With climate crisis around the corner, UNESCO youth advocate pushes for cash to educate the world

Kenisha Arora could feel the magic in the air onstage at a recent United Nations meeting in Paris, where a global contingent of young people pushed world leaders to invest more in education.

It could have been the fact that the Ivorian band Magic System had just played the song of the same nameBut the medical student from Mississauga, Ontario nonetheless felt the determination of young people around the world pressing to turn their requests into firm commitments from world leaders and then into concrete action.

“There are so many inequalities in the world, there are so many things that break my heart, but I really hope that it is us, the human beings, who can change the way this world looks,” said Arora, 19.

Kenisha Arora addresses delegates, including education ministers, at a previous UN summit in Paris. Photo provided by Kenisha Arora

The temporary closure of schools before the pandemic meant that the vast majority of the world’s children, more than 1.6 billion of them, lost access to learning at some point, including hundreds of millions who depended on school for necessities such as meals, speakers at the political forum said. . Those who stayed away from school the longest were also the least likely to return.

Speakers at the previous summit of education ministers and senior civil servants in Paris on June 28-30 called for a transformation of education systems to put the needs of students at the center. the UN forum awaits to get national governments back on track to meet the 2030 goals Sustainable Development Goal No. 4: quality education, which it says anchors the 17 goals to leave no one behind.

To deliver on that, the forum wants governments to allocate at least 4 to 6 percent of their gross domestic product, or 15 to 20 percent of public spending, as an investment in education, and most nations are expected to wealthy contribute to the cost in low-income countries.

Most of the global spending on education occurs in high-income countries, which only increases inequalities. Graphic via UNESCO

While Canadian students have been affected by the pandemic, Arora said students from other countries faced bigger challenges. Contemporaries of hers from Sierra Leone, Kenya and Malawi raised concerns about access to education during the pandemic, she said, “not even overcoming digital learning, but just accessing education itself.”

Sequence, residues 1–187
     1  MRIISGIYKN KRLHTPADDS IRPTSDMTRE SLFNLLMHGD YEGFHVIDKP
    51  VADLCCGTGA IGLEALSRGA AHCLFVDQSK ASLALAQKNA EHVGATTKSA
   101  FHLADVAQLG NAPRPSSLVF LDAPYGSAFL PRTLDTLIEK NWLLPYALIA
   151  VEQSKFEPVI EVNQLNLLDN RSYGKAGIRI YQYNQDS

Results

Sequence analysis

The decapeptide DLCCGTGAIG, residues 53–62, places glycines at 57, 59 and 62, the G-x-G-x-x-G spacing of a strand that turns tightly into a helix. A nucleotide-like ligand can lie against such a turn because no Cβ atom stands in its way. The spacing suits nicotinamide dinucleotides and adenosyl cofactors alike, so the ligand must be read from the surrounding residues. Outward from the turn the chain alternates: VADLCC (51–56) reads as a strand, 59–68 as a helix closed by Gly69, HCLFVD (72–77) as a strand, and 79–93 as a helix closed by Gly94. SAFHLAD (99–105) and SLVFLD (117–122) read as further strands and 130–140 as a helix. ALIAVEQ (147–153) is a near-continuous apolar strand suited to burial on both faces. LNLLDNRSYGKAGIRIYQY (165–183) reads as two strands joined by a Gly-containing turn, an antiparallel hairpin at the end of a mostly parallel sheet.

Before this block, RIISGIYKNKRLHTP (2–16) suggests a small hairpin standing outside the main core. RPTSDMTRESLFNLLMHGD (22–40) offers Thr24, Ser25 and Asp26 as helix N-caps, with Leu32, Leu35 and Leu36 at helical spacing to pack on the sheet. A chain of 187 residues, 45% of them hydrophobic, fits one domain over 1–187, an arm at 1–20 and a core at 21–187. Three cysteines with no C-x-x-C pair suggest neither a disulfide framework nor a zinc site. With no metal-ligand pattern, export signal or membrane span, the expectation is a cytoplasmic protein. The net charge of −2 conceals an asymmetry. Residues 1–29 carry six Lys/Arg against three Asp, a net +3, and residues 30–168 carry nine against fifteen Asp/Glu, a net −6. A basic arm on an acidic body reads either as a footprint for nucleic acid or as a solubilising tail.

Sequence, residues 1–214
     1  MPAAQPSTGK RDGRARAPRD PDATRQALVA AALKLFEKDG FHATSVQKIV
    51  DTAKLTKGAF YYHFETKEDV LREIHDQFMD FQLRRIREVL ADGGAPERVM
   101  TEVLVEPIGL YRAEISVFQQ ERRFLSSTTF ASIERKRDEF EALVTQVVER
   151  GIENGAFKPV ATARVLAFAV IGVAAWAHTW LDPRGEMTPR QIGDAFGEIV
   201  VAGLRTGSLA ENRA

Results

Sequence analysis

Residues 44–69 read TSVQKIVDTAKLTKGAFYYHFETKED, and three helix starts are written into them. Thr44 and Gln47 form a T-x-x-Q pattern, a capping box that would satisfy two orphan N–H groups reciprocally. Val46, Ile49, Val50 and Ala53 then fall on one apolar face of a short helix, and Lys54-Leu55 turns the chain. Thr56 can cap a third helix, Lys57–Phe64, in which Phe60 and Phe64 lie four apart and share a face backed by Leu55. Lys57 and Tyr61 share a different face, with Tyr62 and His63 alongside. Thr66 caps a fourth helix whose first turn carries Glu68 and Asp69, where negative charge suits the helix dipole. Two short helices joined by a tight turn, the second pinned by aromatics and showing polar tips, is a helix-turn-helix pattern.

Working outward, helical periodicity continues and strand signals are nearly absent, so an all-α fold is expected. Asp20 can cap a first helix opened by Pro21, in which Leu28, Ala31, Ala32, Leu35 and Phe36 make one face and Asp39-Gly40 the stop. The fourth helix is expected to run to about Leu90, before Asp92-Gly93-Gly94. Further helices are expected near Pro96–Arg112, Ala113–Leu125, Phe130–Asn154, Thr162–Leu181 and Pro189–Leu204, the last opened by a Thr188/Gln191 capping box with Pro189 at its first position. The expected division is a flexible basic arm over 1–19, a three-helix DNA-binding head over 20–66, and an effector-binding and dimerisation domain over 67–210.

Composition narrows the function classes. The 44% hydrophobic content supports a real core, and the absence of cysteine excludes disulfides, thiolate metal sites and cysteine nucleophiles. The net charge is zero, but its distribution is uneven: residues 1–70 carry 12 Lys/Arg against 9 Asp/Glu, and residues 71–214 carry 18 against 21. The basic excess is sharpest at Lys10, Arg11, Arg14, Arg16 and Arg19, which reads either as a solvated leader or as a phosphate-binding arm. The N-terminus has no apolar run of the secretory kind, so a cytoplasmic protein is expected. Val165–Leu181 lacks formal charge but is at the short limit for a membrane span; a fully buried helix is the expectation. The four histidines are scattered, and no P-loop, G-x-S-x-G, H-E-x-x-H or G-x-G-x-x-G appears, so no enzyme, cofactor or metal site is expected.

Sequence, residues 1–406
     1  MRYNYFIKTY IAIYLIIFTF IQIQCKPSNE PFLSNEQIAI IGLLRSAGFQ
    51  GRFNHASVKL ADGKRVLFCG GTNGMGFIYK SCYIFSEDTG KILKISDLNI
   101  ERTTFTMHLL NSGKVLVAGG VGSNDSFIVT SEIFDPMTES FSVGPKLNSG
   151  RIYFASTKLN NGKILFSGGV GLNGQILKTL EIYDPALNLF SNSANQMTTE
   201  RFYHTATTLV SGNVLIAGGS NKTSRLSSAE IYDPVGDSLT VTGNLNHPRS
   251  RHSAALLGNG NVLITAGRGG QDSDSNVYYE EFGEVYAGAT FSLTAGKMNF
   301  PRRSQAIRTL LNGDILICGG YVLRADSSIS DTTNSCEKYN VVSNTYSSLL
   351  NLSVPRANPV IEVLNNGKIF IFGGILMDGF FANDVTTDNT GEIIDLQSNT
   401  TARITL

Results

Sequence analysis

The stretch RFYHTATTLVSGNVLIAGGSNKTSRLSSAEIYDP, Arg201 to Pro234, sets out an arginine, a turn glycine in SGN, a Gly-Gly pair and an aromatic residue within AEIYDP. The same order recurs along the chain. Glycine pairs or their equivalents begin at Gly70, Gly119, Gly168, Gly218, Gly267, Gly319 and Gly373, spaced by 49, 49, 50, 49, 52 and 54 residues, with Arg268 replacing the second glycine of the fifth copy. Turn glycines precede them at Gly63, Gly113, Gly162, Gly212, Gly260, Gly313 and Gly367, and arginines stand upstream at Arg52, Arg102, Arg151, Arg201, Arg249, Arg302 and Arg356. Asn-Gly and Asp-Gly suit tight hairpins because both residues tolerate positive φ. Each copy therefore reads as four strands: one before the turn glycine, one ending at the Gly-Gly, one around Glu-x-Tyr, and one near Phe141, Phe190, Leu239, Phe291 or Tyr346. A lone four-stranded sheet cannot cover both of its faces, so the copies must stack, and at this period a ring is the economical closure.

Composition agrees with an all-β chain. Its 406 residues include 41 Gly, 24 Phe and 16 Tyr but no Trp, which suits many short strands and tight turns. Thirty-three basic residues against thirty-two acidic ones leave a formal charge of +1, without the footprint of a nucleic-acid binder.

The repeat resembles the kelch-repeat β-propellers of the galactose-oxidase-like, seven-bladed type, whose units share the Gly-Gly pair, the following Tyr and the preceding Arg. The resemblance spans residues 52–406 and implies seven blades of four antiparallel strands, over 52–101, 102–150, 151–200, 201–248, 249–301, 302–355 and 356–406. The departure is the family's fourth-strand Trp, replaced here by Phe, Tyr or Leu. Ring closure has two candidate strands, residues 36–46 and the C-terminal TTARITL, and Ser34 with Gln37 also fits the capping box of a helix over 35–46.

Once everyone has access to education, he said, the next big global goal is to make education relevant to today’s challenges, so that young people can get to work solving the world’s problems. Better education would include helping “young people address climate action and transform climate literacy into climate action, and (work out) what that looks like,” Arora said.

The world needs more money directed at learning to create prosperity, and needs to make sure it also reduces inequality, says @KenishaArora at a UN meeting.

For Canada, there is a need for more professional development for teachers so that they are equipped to equip students with the skills for the jobs of tomorrow, the Western University medical student said, and to reduce the gaps that make post-secondary education unattainable for some. people.

As UNESCO’s youth representative for North America and Europe, Arora is also the sole youth voice on the UN’s high-level steering committee on education. She describes it as “a great journey” for a young person to get a seat at the table with the president of the World Bank, the executive directors of UNICEF and UNESCO, and heads of state.

She will work with the Canadian government in the run-up to the heads of state meeting in New York, hosting online consultations for young people to share their views on how to shape the future of education and what transformation could mean. of learning.

Taking place during the 77th United Nations General Assembly, the Transforming Education Summit aims to mobilize political ambition to revitalize education after two years of pandemic-related disruption and reimagine it for the future.

Morgan Sharp / Local Journalism Initiative / National Observer Canada

Leave a Comment